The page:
In 1998, the fledgling National First Ladies Library in Canton got an offer it had to refuse -- a nearly 140-year-old letter of condolence written on black-bordered stationary by Mary Todd Lincoln, a letter filled with anguish, yet seeded with hope.
The library’s director of education, Lucinda Frailly, says her group was simply in no position to buy.
"We didn’t have the money at the time. We were so young, very young. I wasn't here yet. There may have only been a couple of employees, and we had to let it go."
Now the letter’s for sale again through a private auction house. It’s expected to bring bids of $20,000 to $40,000. And while the library – now part of the National Park Service – is in much stronger financial shape – the letter remains out of its price range. So, says Frailly, the library can only hope for a loving new owner.
“Whoever gets it is going to be just thrilled to have it in their collection. I hope it’s a place where people can go and view it. I know there are private collectors out there and this was the hands of a private collector. But, ohhh, such rich history when it’s the first lady’s thoughts on something as important as the content of this letter.”
Context is everything
Frailly carefully holds even the copy of the words pulled from the auction web site, and she reads in the accent of the Kentucky-born child of wealth that Mary Todd was.
“May 5, ’62. Executive mansion. Mr. Reeves, my dear sir. The sad intelligence of the death of your most excellent wife ….”
Mary Lincoln was writing to Charles Reeves of Cleveland, Ohio. She offered condolences on the death of his wife, Hester, who had tutored her son, Willie, in Springfield, Ill. And she was writing less than three months after Willie had died of typhoid fever.
“And I fully know and believe they are this day together rejoicing in the presence of their savior. I have shed many, many tears over the last writing of your sainted wife in memory of our darling boy. If it were not for the hope that by serving God rightly here we might be able to meet them again, what would life be?”
The letter was believed to be in the hands of the Reeves’ granddaughter until the 1930s when it was sold, and private collectors have had it since. RR Auction is selling it as part of an auction of 500 pieces of Civil War memorabilia and RR’s vice president, Bobby Livingston, says the envelope alone attracts interest.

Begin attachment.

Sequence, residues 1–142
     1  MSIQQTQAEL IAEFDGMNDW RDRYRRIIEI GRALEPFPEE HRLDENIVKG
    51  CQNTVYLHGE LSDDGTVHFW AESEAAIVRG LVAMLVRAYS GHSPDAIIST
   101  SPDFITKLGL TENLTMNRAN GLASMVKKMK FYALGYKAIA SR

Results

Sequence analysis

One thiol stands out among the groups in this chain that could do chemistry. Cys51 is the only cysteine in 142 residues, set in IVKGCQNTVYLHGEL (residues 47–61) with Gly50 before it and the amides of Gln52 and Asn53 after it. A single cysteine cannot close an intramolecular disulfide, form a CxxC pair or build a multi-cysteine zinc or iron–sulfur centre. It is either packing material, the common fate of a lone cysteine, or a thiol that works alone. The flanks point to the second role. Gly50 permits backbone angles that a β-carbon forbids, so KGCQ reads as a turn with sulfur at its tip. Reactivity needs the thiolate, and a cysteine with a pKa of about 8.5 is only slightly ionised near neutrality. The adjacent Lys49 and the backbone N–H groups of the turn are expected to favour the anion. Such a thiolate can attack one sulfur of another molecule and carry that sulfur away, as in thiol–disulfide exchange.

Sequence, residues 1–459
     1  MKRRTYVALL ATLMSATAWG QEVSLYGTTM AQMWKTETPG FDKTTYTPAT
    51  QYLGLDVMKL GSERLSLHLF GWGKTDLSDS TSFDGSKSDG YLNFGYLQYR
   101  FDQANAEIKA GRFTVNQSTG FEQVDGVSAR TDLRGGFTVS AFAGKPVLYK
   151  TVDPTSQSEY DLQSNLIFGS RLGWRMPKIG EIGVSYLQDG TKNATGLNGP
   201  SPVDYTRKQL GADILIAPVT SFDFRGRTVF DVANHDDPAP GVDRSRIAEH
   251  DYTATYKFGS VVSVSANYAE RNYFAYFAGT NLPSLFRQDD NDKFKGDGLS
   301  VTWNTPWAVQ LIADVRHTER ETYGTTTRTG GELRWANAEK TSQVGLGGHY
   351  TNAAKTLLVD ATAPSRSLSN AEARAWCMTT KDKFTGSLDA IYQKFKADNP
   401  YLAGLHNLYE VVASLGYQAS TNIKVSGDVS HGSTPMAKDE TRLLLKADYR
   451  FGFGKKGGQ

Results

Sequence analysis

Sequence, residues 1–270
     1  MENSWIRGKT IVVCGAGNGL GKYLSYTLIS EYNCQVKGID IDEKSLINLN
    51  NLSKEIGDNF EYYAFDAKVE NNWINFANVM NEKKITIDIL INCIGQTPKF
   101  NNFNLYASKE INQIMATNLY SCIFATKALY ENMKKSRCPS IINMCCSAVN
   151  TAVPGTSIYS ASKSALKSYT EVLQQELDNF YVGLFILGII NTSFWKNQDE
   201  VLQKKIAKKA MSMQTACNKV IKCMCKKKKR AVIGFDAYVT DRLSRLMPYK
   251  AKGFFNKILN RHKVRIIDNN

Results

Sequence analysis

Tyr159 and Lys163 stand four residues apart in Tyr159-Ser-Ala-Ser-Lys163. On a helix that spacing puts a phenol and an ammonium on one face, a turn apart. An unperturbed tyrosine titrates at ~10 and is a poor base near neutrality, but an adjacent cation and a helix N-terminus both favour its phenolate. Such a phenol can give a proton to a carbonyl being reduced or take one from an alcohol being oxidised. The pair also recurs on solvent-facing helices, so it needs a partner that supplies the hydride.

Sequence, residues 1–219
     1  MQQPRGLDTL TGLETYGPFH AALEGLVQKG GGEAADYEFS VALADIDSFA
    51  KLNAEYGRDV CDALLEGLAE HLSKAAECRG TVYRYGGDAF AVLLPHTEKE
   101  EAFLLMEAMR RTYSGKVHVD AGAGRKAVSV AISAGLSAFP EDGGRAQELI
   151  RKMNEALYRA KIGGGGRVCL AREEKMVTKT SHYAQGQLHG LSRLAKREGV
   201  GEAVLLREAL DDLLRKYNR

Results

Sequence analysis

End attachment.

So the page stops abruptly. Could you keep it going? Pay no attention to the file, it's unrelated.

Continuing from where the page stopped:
“In those days, the president didn’t have to pay for postage. The president just had to sign the outside of the envelope where the stamp normally goes. And so we also have the black-bordered envelope what we called franked by Abraham Lincoln on the outside. So it’s an incredible lot, it’s compelling and it's heartbreaking.”
He says the market for such material has been in the making for generations.
“People have been collecting autographs and signatures from famous people for a milleneum. We actually have autograph requests answered by people like Abraham Lincoln where he’ll write a little letter, ‘Here’s an autograph per your request, Abraham Lincoln.’ So people are actually collecting autographs for all these years.
Today, people who love history and want these historic figures to come to life buy things from us. What really I find fascinating is you get to read these handwritten letters, which is really a lot art today, but youre able to go right back in time with Mary Lincoln, right during the Civil War. The letter that we have from her was written right after Battle of Shiloh, and its very much in parallele to the tearing apart of our country as she tears apart her heart over the loss of her son."
'Mourning a lot'
One of Mary Lincoln’s four half brothers died at the Battle of Shiloh, fighting for the Confederacy. Another died in Baton Rouge and the third was killed at Vicksburg. So, says Lucinda Frailly, tragedy and mourning were associated with Mary Lincoln long before April 11, 1865.
“The lady was in mourning a lot. And let’s face it. Her husband, she was sitting in Ford’s Theater right beside him. And he fell into her arms. She was there, she witnessed that bloody awful thing. And when he was taken across the street, Mary Lincoln was not allowed to go into the room. They wouldn’t let the first lady with her husband. He would have wanted her there. He adored her.”
Frailly refers to letters Mary Lincoln wrote years later, after she was declared legally insane. She sees the same carful hand in those letters as she sees in the one to addressed on May 5, 1862 to Charles Reeves of Cleveland, Ohio.
“Please excuse this letter written in much haste and almost blotted by my tears. When we weep here, we can only remember that, then, all tears are wiped away from their eyes. Sorrow never enters there. Your ever sincere friend, Mary Lincoln.”
The auction ends Thursday.